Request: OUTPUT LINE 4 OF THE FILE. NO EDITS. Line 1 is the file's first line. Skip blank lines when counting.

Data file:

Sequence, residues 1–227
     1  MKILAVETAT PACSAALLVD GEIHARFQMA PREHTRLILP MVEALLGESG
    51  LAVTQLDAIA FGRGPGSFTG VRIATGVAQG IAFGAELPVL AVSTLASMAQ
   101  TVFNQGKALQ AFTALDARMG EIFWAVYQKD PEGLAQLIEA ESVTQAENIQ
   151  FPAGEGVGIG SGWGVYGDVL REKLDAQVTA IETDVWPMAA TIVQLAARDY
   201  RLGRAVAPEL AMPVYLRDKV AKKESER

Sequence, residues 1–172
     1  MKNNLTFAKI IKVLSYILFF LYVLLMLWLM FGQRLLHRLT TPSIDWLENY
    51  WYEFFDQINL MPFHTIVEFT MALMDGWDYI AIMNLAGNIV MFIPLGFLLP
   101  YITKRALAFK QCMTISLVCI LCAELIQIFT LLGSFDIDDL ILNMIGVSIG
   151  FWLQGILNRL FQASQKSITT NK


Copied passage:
   101  TVFNQGKALQ AFTALDARMG EIFWAVYQKD PEGLAQLIEA ESVTQAENIQ